Of all the plants that grow in our garden, it is the humble and unpretentious Bigroot Geranium (Geranium macrorrhizum) that is the most appreciated. Working quietly in the background, it serves as our most dependable and adaptable groundcover. From full sun to full shade, in soil dry to moist, this plant thrives and slowly spreads in all zones from 2 to 9. It begins blooming in the beginning of June and it will continue through to mid-July. The leaves are attractive and fragrant when touched, and as a buggy bonus, the flowers appeal to bumblebees. There are a few varieties available, from the showy magenta pink, ’Bevan’s Variety’; through pale pink ‘Ingwersen’s Variety’ to the blushing white ‘Alba’. The bigroot geranium can find a place in most gardens as a groundcover around the base of shrubs and larger perennials. They are particularly good around roses and other leggy shrubs. There is even a variety with variegated leaves, Geranium macrorrhizum ‘Variegatum’, that tends to be a bit more fussy in its requirements (it does best in richer soil and keep it out of full sun), but it can begin to revert, so attention must be paid to pinch-out new all-green growth†.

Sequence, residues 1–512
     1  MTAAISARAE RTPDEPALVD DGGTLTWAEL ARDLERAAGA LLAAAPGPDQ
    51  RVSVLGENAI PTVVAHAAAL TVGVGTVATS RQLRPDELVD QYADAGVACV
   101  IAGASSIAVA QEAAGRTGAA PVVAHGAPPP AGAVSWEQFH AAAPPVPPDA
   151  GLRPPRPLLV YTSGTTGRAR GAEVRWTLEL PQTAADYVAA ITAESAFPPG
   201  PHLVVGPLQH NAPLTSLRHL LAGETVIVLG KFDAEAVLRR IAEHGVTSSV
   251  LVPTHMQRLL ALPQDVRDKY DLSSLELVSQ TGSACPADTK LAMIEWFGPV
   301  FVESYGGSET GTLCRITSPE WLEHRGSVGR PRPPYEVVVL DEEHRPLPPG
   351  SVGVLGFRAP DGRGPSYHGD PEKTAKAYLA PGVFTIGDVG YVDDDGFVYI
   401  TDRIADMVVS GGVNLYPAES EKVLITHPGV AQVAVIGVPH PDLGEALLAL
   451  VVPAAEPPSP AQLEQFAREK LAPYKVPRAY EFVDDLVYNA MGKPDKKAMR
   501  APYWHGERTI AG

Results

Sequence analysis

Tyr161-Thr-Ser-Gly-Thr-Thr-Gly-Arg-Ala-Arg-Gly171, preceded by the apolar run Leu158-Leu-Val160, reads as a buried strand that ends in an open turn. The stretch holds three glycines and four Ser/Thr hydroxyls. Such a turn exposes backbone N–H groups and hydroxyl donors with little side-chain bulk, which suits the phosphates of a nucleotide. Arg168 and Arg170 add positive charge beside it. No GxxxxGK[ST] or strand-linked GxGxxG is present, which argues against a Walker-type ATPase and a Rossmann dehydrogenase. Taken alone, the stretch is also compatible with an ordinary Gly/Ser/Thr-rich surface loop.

Geranium macrorrhizum, the Bigroot or Cranesbill geranium–a garden stalwart that is an essential perennial in our landscape.
† not a quality desirable in the low-maintenance garden.